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New, cutting-edge research projects on trust in conflict, neutron stars and disease mechanisms

What opportunities to create trust do social conflicts offer? What happens when neutron stars merge and produce gravitational waves and heavy chemical elements in the process? How can a better understanding of the internal balance of cells (homeostasis) help to develop novel drugs to treat inflammation and infection? Researchers from Goethe University will explore these questions over the coming years, together with partners from other universities and scientific institutions. The cluster projects ENABLE, ELEMENTS and ConTrust will receive €20.7 million in funding from the Federal State of Hessen and the same amount from Goethe University and the other partners involved, in preparation for the next round of the Excellence Strategy of the national and regional governments. Researchers from Goethe University are additionally involved in two further cluster projects (“3AI”, Technical University of Darmstadt, and “The Adaptive Mind”, Giessen University).

Composite image of the Crab Nebula at different wavelengths, a supernova renmant with a neutron star at its centre. Credits: X-ray: NASA/CXC/SAO/F.Seward; Optical: NASA/ESA/ASU/J.Hester & A.Loll; Infrared: NASA/JPL-Caltech/Univ. Minn./R.Gehrz

FRANKFURT. Professor Enrico Schleiff, the new president of Goethe University, sees today’s announcement of the funding for three cluster projects under its leadership as a significant milestone along the road to the next round of the Excellence Strategy: “That we were able to secure this important funding is proof of Goethe University’s research strength. It shows that we are developing creative ideas in our main research areas and putting them into practice. Together with our partners in the Rhine-Main Universities alliance, the three cluster projects in basic and translational biomedical research, astrophysics and particle physics, and the interdisciplinary study of the dynamics of political coexistence provide us with an excellent foundation for giving excellent research a further boost. This is the most important prerequisite for positioning ourselves as well as possible for the next round of the Excellence Strategy. I congratulate all the researchers involved on this tremendous success.”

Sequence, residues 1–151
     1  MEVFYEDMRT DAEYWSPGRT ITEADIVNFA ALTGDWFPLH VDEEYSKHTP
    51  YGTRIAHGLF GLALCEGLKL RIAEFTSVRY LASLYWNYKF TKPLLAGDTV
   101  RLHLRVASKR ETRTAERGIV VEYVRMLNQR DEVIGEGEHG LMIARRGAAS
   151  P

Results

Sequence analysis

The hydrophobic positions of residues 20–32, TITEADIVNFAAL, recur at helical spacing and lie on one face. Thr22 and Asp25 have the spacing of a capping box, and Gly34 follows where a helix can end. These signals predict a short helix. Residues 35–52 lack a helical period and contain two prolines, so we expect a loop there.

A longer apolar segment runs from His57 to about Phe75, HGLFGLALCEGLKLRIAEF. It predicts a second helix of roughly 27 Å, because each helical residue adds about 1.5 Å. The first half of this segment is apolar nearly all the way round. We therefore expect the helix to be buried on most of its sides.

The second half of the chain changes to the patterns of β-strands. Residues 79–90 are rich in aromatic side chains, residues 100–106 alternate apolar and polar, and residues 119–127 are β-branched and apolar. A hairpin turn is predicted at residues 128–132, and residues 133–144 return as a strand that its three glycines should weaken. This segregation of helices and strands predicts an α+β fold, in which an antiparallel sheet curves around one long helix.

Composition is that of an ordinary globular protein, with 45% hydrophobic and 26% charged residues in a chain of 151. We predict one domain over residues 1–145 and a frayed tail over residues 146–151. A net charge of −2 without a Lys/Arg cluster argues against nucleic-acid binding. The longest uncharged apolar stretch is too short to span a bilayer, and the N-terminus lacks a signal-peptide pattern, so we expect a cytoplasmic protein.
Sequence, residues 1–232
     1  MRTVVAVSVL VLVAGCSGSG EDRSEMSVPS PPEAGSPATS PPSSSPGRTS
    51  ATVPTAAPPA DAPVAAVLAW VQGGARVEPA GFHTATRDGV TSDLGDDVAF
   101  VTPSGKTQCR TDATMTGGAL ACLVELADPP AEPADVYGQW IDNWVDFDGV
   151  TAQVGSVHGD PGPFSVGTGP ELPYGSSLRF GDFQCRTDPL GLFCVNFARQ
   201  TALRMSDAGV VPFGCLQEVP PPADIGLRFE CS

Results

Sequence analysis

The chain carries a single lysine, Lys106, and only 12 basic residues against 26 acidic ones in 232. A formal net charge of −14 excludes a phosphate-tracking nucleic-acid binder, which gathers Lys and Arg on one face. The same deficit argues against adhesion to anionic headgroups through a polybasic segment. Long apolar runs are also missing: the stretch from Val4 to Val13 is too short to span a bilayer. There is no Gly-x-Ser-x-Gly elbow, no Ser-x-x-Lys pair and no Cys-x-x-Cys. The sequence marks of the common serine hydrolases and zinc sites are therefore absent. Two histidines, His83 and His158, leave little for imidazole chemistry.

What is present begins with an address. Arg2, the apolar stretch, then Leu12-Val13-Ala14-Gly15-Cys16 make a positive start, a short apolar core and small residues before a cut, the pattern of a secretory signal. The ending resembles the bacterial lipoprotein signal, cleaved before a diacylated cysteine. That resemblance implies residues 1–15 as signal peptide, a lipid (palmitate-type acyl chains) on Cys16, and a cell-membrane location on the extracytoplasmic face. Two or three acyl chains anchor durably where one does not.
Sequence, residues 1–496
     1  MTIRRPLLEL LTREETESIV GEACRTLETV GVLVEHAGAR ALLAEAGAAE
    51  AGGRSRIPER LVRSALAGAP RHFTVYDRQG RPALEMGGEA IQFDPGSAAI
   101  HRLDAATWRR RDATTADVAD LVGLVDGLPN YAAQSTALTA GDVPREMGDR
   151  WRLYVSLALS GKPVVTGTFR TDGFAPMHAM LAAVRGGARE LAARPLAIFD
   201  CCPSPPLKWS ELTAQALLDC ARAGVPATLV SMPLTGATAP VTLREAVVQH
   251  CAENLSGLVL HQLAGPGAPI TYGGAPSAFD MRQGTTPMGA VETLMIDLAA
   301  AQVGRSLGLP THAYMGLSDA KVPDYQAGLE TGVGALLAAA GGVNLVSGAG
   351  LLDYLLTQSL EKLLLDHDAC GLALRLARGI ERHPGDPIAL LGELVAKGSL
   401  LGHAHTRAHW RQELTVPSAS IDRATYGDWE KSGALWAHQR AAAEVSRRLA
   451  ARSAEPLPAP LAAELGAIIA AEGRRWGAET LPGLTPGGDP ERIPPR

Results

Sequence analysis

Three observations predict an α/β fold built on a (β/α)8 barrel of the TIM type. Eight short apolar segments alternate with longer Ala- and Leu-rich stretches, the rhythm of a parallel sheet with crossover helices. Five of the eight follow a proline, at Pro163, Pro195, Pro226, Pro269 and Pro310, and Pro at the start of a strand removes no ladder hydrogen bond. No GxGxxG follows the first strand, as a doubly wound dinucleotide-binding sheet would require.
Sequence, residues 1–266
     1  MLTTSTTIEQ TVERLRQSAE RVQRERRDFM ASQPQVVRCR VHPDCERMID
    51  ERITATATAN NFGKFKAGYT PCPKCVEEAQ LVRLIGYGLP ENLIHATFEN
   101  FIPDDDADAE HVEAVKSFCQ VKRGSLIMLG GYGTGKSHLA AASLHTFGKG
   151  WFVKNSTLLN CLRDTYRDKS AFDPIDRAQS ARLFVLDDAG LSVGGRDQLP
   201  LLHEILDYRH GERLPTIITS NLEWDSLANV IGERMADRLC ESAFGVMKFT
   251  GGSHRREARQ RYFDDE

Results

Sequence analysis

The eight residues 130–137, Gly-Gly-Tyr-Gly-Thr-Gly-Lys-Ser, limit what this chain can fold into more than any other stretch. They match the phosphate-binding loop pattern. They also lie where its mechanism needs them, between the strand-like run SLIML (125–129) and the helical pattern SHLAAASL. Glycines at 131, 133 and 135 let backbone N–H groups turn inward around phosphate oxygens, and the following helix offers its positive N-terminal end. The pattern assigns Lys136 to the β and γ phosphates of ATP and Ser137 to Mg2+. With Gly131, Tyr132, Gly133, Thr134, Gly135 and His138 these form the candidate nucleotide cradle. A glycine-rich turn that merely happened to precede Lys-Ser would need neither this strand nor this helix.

Matter in neutron stars

Neutron stars are the focus of the cluster project ELEMENTS. Neutron stars are the relics of enormous stellar explosions (supernovae) and among the most extreme objects in the Universe: Matter in their core is so densely compressed that, according to calculations, it could even exist in the form of a quark-gluon plasma – a mixture in which matter is broken up into its most elementary particles, as it was in the Universe soon after the Big Bang. Neutron stars – like black holes – cause space-time distortions, and when two neutron stars merge, they produce heavy chemical elements and gravitational waves that can be measured on Earth. By observing such astrophysical phenomena, through theoretical calculations as well as through experiments conducted, for example, using the accelerators at the GSI Helmholtzzentrum für Schwerionenforschung GmbH and the new FAIR accelerator facility being developed there, the ELEMENTS researchers hope to gain new insights into the structure and composition of matter under extreme conditions and how heavy elements, such as gold or platinum, came to exist in the Universe. In terms of research strategy, ELEMENTS is a continuation of the close collaboration between Goethe University and the Technical University of Darmstadt in the framework of the Rhine-Main Universities alliance. ELEMENTS will receive €7.9 million from the Federal State of Hessen and €8 million as the own contribution of Goethe University and the co-applicants.


Clusterprojekt ELEMENTS – Exploring the Universe from microscopic to macroscopic scales

Speakers:
Prof. Dr. Luciano Rezzolla
Institute for Theoretical Physics
Goethe University Frankfurt
Tel: +49 (69) 798-47871
rezzolla@itp.uni-frankfurt.de

Prof. Dr. Dr. h.c. mult. Norbert Pietralla
Institut for Nuclear Physics
Technische Universität Darmstadt
Tel: + 49 (6151) 16 23540
pietralla@ikp.tu-darmstadt.de

Applicant:
Goethe University Frankfurt

Co-Applicants:
Technische Universität Darmstadt
Justus-Liebig-Universität Gießen
GSI Helmholtzzentrum für Schwerionenforschung, Darmstadt